Today, The LEGO Group announced the launch of LEGO Replay, a pilot program that will accept any and all previously used LEGO bricks and donate them to children’s non-profits in the United States. The effort is a collaboration with Give Back Box, Teach For America, and Boys & Girls Clubs of Boston. Below are the details.
The concept of LEGO Replay is simple: collect any loose LEGO bricks, sets, or elements, place them into a cardboard box, and visit LEGO.com/Replay to print out a free UPS shipping label. The package will be sent to the Give Back Box facility, where each brick will be sorted, inspected by hand, and given a rigorous cleaning. This process is possible because LEGO bricks are made from high-quality, durable materials, designed to be used for generations. “We know people don’t throw away their LEGO bricks,” said Tim Brooks, Vice President, Environmental Responsibility at the LEGO Group. “The vast majority hand them down to their children or grandchildren. But others have asked us for a safe way to dispose or donate their bricks, so with LEGO Replay, they have an easy option that’s both sustainable and socially impactful.”
Brooks and his team spent the past five years working on the project to ensure the process surpassed the highest safety standards and adhered to U.S. regulations. They then connected with Give Back Box, a charity dedicated to “recycling” 11 million tons of unused clothing, footwear, and other textiles that end up in U.S. landfills each year. Give Back Box is social enterprise company whose objective is to fundamentally change the donation behavior of online retail shoppers and other donors. It has created a system to enable online shoppers and other donors to donate unwanted items in a cost and hassle-free way. “I am excited to join the LEGO Group in this pilot program,” said Monika Wiela, founder of Give Back Box. “Growing up in Poland, I didn’t have many toys as a child, so this collaboration is rather personal for me. What’s better than giving a child the gift of play? For us, the number of donations we receive is critical to a successful campaign, so we’ve made it as easy as possible for folks at home to send in their idle bricks.”
Teach For America will receive the majority of the elements and will provide them to thousands of classrooms across the country. They work in partnership with urban and rural communities in more than 50 regions across the country to expand educational opportunity for children. Founded in 1990, Teach For America recruits and develops a diverse corps of outstanding leaders to make an initial two-year commitment to teach in high-need schools and become lifelong leaders in the effort to end educational inequity. “Learning through play can have a tremendous impact on a child’s cognitive development. Through play, children develop fine motor skills, think creatively, and can learn how to problem solve through teamwork,” said Susan Asiyanbi, Teach For America’s chief operating and program officer. “But not everyone has access to such resources. LEGO Replay, and the instructional resources they provide educators, will help give more students access to this opportunity.”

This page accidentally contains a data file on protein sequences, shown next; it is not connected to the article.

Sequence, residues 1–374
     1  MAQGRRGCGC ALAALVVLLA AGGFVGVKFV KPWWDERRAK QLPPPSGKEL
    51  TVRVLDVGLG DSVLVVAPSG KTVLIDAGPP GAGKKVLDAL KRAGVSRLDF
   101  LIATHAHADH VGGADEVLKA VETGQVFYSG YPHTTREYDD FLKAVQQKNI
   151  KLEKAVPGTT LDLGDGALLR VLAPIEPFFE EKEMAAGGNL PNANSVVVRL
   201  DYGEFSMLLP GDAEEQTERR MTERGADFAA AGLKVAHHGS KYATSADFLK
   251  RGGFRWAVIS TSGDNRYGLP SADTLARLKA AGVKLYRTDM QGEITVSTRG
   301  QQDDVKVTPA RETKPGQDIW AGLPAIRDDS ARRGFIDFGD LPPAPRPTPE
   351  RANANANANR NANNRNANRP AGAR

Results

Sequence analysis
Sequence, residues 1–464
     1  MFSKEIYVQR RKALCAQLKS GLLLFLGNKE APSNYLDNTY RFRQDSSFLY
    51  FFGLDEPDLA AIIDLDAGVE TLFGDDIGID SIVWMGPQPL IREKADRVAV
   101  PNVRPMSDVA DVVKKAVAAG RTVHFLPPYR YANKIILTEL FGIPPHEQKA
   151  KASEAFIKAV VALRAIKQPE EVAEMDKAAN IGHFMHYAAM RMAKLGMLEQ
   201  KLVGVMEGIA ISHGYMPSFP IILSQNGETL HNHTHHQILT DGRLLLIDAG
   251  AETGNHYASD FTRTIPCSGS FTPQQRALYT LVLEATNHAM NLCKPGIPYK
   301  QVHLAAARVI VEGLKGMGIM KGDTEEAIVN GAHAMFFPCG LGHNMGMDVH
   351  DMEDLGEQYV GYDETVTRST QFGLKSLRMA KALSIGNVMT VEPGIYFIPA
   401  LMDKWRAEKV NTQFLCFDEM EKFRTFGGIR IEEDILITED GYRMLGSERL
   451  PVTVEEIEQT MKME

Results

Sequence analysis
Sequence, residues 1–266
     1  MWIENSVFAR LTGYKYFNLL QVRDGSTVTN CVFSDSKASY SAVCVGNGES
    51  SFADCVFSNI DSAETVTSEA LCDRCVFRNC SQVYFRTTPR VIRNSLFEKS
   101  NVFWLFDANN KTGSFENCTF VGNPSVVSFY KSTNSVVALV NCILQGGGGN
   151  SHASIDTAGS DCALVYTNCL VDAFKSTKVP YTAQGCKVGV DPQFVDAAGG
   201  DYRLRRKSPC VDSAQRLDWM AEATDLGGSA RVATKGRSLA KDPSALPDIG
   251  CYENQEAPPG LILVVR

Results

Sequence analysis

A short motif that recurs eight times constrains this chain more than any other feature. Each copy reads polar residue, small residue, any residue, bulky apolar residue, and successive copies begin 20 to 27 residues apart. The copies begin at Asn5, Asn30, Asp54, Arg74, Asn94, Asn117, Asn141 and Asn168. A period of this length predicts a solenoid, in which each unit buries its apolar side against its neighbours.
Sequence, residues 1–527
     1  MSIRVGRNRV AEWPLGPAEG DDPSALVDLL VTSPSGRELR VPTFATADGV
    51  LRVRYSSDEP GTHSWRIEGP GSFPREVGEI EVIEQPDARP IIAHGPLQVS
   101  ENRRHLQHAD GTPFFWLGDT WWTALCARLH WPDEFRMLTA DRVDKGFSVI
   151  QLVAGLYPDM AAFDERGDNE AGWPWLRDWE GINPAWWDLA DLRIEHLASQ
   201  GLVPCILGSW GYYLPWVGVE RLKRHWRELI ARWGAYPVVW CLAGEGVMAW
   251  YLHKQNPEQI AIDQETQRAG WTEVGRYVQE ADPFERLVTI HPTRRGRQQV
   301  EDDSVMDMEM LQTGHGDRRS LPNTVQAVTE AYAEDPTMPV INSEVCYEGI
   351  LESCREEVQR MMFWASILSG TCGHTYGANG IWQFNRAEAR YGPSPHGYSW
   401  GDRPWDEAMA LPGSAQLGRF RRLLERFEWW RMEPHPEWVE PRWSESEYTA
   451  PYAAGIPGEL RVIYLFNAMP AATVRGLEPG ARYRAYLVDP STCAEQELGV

Bricks will also be sent to Boys & Girls Clubs of Boston for their after-school programs. Since its founding in 1893, Boys & Girls Clubs of Boston (BGCB) has been providing a safe haven filled with hope and opportunity, ongoing relationships with caring adults, and life-enhancing programs. The organization serves more than 14,000 young people, ages 6-18.
The non-profits can expect to receive the first shipments in November 2019. Once the pilot is complete in spring 2020, the LEGO Replay team will evaluate a possible expansion of the program. So, check your attic and basement and see if you have any unused and unwanted LEGO bricks lying around. LEGO Replay is happy to take them and put them back in the hands of children who are eager to build!
What do you think? How do you like the idea of the LEGO Replay program? Do you have any unused LEGO that you would like to donate? Feel free to share and discuss in the comment section below!
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Good for Lego to be willing to organize this public-spirited initiative. But I think it could be enormously simplified if people who wanted to donate bricks put them in a mesh bag and put them in their washing machines at low temperatures and then marched them to local schools, Boys & Girls clubs and other children’s charities.
Cut out the carbon-intensive transportation chain. Cut out delays. Look in the faces of the kids you want to benefit and give them the face of someone who cares about them.
I agree that local is always better, but as a second best option this is not ba. Kudos for lego to take the initiative to recycle their bricks!
It seems that this program by LEGO may be temporary, so donating to local schools is always going to be the best option. I think they should also donate to Toys for Tots.
So, I guess this program is US only for the meantime?
Then, if I’d have spare bricks available, I guess I could just donate them to my nephew or nieces, or to some local charity operation, anyway. Maybe this would work better for rural areas.
This is a nice idea. I hope they will continue and add more charities to their list. In fact, ideally, they could set up a website where they can pair donors with local non-profits and schools who would be happy to receive the Lego.
I would prefer to donate locally, but I could see this being useful when people don’t want to do much work and want to get rid of their Lego. It’s a good project from what I can see.